“Yellow unions create confusion among the workers”
Brussels, 27 September 2007: Independent unions have it tough in Cambodia. Ath Thorn, president of the Cambodian Labour Confederation CLC (1) can testify to it: dismissals, death threats, … their members are confronted with the whole arsenal of antiunion repression deployed by employers and the authorities. “Yellow” unions add to the confusion. Interview.
What are the biggest obstacles facing independent unions in Cambodia?
The first obstacle is interference by the government and employers, who try to establish yellow unions to delude the workers and create confusion. When we announce the formation of a union at a factory, the employers’ response, for example, is to dismiss our candidates for trade union posts and encourage the formation of yellow unions. We find ourselves in situations where there are as many as seven different unions in a single factory, which obviously complicates the task of collective bargaining.
The second obstacle is the danger faced by workers joining independent unions. Hired thugs operate in many industrial zones, making it very dangerous for us to visit the workers in their lodgings. Two organisers from our garment union, the CCAWDU, have found themselves surrounded by between 30 and 50 thugs when visiting a community of workers by motorbike. Three trade unionists have been murdered over the last few years, but there has been no genuine investigation into these crimes. We receive anonymous death threats to fill us will fear and hesitation, to try and weaken our resolve to increase our membership base.
A third obstacle is the workers’ lack of education. Cambodians are rarely able to pursue their education for long. The education system in Cambodia is a serious problem. In the garment sector, for example, there are workers who cannot even read or write their own name. It’s very difficult to organise these workers, because the time and resources we can devote to training are limited. The CLC’s membership is growing, but we don’t offer enough services. We need to be able to offer more training.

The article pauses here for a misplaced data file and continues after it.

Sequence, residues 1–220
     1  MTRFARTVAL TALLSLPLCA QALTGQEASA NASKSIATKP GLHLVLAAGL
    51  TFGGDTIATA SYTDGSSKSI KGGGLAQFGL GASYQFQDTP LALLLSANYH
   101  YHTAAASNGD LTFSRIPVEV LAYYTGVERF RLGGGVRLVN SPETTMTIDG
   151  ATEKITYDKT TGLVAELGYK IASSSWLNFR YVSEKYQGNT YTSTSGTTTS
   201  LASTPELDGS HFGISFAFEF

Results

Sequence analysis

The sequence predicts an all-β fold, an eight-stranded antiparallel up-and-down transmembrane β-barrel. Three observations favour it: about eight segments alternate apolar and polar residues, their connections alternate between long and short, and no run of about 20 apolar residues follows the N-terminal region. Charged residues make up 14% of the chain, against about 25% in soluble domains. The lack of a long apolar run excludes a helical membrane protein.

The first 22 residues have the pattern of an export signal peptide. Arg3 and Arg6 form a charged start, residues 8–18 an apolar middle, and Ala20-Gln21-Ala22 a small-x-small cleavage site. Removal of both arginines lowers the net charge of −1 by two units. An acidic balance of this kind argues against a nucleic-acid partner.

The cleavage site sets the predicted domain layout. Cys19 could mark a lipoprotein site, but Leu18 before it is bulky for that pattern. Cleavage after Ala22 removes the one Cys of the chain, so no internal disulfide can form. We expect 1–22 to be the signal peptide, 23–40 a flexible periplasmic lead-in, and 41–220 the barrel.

Another serious obstacle is the amount of workers on short-term contracts. It’s very difficult to organise workers who only have contracts for one or two months. Some employers also use this type of contract to “punish” workers who join a union.
In the past, a number of employers obtained court rulings ordering trade unionists to pay enormous amounts in damages after taking strike action. Is this still the case?
We haven’t been confronted with cases of this kind recently, but employers continue to petition the courts to break strikes. Employers take a step-by-step approach to the violation of trade union rights. They start by punishing trade union members and shop stewards by placing them on short-term contracts. Then they put pressure on their families, by taking any promotions away from these trade unionists or cutting their wages. The next step is to file legal action against the trade union leaders. This is accompanied, in the meantime, by threats against the workers. Some employers also offer the trade union representatives bribes. Corruption is also a major obstacle to organising workers in independent trade unions. Employers place the workers in desperate situations and then try to buy them off. The Cambodian labour legislation stipulates that such acts are illegal.